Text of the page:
November 13, 2020

New Peace Treaties in the Middle East

(Left to right) Abdullatif al-Zayani, Bahraini foreign minister, Benjamin Netanyahu, prime minister of Israel, Donald Trump, US president, and Abdullah bin Zayed Al-Nahyan, UAE foreign minister, after signing the Abraham Accords, by which Bahrain and the UAE recognised Israel, at the White House in Washington on 15 September 2020.
(Left to right) Abdullatif al-Zayani, Bahraini foreign minister, Benjamin Netanyahu, prime minister of Israel, Donald Trump, US president, and Abdullah bin Zayed Al-Nahyan, UAE foreign minister, after signing the Abraham Accords, by which Bahrain and the UAE recognised Israel, at the White House in Washington on 15 September 2020.

Relations between Israel, the UAE and Bahrain, and their possible influence on the world.

Israel recently shook the world by signing treaties with the United Arab Emirates (UAE) and Bahrain. It had previously concluded treaties in the Arab world with Egypt (in 1979) and Jordan (1994), bringing benefits for both parties. Egypt, the first country to conclude a peace treaty with Israel, received regular aid, including budgetary support amounting to two billion US dollars, as well as military assistance. Israel’s treaty with Jordan was similar in content. Western businesses in the Middle East found some two billion new customers (and counting).

Now, the parties to the new treaties hope to gain political benefits and reach new markets. For Israel this would mean some 12 million people in the UAE and Bahrain. In return, Israel can offer expertise in the fields of water purification, extension of water supply, and agricultural technology, the most promising sectors for cooperation. The partnership could also be extended to include tourism and culture, and probably transport.

Iran has expressed discontent over Israel’s treaties with the two Gulf states. However, it is understandable why they were signed now, after decades of status quo with no cooperation or communication between the Arab states and Israel.

Naturally, the Palestinian authorities also disapproved of the move, as the idea of a two-state solution has been on the table since the creation of the current state of Israel but is now uncertain. Some think that all Arab countries should follow the lead of the UAE and Bahrain by establishing diplomatic relations with Israel, opening up the whole region.

On the other hand, we must consider the map of the Middle East. Clearly, Arab states want to take this historic step to ensure their own independence, continuity and security. The increased military activity in the region in recent years has seen a rise in the number of pro-Shia Muslim organisations due to the widespread efforts of the “Islamic State” group to spread its beliefs and generous financing.

Regional security is an important aspect, too. There are no official nuclear states in the region. However, it is quite clear that both Israel and Iran may have nuclear weapons and others are attempting to acquire them; but until recently, the status quo meant that there was no need to rush. What about now? It is understandable that both countries are worried mostly about their neighbours and, regardless of the good relations between Washington and the Arab states, the US is still far away.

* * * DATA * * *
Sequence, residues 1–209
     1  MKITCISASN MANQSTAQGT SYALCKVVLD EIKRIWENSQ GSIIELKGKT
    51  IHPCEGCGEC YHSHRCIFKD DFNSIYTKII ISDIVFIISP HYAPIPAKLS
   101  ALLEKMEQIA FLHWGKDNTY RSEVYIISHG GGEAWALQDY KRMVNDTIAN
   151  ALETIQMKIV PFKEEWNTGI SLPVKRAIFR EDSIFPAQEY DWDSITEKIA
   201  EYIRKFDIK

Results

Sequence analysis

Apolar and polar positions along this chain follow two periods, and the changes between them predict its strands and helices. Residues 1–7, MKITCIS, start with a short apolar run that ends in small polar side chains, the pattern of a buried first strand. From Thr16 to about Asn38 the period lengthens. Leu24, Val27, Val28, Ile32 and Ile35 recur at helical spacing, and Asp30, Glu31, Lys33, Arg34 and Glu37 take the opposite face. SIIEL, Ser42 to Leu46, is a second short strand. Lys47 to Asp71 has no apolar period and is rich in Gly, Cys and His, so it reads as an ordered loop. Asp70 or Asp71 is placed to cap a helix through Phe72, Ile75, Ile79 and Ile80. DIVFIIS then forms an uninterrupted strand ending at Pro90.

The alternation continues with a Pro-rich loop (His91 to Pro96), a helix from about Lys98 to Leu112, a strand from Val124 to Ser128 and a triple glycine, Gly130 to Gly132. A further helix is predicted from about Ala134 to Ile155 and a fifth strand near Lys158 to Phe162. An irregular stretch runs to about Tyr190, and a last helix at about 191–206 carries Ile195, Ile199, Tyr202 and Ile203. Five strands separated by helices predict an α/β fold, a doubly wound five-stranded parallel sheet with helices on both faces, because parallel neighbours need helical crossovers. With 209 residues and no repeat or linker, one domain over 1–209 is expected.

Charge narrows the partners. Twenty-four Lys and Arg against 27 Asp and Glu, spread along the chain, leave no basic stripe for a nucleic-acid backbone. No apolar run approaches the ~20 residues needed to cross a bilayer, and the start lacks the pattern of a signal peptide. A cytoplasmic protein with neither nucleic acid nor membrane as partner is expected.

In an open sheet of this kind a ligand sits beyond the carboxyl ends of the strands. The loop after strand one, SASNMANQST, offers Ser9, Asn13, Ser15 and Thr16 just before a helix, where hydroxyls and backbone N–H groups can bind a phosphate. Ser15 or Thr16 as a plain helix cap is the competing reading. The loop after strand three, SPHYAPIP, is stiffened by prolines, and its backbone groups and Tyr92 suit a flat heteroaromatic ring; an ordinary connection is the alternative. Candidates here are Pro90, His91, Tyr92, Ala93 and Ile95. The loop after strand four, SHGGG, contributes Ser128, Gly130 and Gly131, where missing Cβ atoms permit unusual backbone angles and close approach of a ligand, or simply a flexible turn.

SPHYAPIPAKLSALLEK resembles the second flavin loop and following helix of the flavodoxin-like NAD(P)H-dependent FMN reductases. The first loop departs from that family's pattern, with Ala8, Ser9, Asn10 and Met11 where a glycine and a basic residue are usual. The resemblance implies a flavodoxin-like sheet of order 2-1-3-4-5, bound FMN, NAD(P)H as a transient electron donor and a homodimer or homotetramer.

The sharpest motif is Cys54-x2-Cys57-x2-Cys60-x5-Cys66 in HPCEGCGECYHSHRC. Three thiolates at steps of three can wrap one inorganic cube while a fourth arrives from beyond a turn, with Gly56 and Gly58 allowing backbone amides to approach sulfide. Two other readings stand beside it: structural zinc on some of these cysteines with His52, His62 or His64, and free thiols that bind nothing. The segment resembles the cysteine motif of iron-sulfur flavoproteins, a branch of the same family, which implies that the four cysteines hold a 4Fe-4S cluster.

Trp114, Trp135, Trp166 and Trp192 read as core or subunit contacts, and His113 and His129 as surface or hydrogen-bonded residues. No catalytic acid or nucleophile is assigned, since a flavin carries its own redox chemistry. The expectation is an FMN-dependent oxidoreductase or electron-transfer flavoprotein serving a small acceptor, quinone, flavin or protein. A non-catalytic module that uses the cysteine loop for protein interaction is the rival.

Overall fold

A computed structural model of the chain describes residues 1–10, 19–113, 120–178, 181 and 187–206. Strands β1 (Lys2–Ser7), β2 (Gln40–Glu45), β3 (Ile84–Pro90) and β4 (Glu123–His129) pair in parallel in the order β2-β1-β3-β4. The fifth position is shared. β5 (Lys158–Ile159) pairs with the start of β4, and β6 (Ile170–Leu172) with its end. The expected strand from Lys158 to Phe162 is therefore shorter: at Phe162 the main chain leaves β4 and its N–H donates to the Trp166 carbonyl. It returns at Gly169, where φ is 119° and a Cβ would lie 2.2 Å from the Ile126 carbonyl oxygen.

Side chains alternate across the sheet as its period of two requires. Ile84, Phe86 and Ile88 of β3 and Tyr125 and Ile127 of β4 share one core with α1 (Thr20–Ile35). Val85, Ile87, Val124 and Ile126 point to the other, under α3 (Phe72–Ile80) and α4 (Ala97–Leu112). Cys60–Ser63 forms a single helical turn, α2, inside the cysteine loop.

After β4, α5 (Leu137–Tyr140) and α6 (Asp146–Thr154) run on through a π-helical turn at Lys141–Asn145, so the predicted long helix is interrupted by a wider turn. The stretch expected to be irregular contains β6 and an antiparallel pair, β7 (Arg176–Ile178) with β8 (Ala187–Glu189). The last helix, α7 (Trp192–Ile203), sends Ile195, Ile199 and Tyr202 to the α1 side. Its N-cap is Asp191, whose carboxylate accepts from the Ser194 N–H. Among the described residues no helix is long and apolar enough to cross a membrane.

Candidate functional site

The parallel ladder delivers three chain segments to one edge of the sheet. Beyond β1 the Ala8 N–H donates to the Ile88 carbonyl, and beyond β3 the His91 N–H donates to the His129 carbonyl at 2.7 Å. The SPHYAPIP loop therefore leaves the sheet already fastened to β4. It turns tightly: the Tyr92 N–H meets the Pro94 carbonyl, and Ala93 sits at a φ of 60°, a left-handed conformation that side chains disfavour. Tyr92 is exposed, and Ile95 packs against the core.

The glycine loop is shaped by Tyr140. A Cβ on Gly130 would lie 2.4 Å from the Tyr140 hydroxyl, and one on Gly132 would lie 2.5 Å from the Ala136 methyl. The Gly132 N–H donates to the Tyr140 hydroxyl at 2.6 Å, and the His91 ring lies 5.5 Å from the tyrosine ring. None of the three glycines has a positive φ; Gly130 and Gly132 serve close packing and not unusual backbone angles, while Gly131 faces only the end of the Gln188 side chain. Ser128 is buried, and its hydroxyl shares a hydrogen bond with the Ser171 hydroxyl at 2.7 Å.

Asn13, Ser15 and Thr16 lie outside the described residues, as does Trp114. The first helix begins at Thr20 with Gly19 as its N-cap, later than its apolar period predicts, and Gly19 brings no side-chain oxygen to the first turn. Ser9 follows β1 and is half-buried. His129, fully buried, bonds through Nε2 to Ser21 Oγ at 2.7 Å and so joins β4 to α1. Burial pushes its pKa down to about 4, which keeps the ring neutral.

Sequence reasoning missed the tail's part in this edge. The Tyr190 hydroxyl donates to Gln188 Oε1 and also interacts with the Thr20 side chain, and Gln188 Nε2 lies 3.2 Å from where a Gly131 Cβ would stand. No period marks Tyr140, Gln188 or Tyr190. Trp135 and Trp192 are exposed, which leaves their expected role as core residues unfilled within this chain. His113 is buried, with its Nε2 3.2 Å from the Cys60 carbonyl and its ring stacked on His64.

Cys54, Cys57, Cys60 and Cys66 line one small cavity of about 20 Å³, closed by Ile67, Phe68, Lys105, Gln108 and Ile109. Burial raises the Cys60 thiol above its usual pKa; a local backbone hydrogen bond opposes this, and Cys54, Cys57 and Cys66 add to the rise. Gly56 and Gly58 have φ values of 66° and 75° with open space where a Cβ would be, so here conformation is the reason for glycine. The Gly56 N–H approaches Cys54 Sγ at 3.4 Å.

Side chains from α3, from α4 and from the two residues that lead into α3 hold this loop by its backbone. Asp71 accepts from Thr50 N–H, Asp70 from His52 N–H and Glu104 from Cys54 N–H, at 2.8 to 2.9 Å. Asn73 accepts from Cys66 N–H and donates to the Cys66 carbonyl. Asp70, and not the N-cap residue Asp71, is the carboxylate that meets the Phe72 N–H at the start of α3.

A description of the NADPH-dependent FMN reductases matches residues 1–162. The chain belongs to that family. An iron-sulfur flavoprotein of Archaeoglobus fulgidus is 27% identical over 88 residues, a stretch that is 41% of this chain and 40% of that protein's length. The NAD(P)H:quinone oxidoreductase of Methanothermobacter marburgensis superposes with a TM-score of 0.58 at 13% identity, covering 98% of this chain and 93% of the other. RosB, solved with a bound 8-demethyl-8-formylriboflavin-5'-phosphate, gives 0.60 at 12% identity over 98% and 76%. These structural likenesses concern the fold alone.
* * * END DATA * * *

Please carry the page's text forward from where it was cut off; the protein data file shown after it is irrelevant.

The historic new agreements are different from previous ones, as they are not the result of the Cold War or the so-called “Land for Peace” framework following the Six Day War of 1967 but, rather, follow a new model for peace based on common interests. Both are a result of economic opportunities and shared concerns about security, especially in relation to Iran.

That is not all. Since 1967, the decades of peace negotiations have been guided by the principle that the Arab world could only accept Israel’s continued existence if there was peace with the Palestinians. The UAE demands respect for the two-state solution and, more importantly, allows for the Arab states to give advice to the Palestinians in light of current events, especially regarding the opportunity and need to communicate directly with Israel. The negotiations should cover the real security needs of Israel if the two-state solution is decided upon. Mohammed bin Zayed Al Nahyan, the Crown Prince of Abu Dhabi and de facto leader of the UAE, has stated that his price (i.e. demand) for reaching an agreement with Israel was the seizure of settlement developments on the Jordanian West Bank. In response to international pressure, Benjamin Netanyahu, the Israeli prime minister, has slightly slowed development in the area. The demand to stop the expansion is a dead end for Netanyahu, as he had promised to annex 30% of the West Bank this year, which has proved to be more difficult than initially planned.

The Palestinian leaders’ opposition to the moves by the UAE and Bahrain, as well as the blind hatred they have caused around the Persian Gulf, merely shows how the traditional Palestinian attitude—all or nothing—is still blocking any progress. This is the reason why, in 2000, 2001 and 2008, the Palestinians refused Israel’s offer to establish a state that would have granted almost all their demands. In addition, the Palestinians are disturbed by Bahrain signing the treaty with Israel, which is a clear sign of Saudi Arabia’s approval, while the Saudis have thus far been supporting the Palestinians. The latter feel cheated by everyone. It is common knowledge that, even if a peace treaty with Israel is not concluded under the current Saudi king, one is not out of the question under the next one, if it is [current Crown Prince] Mohammed bin Salman.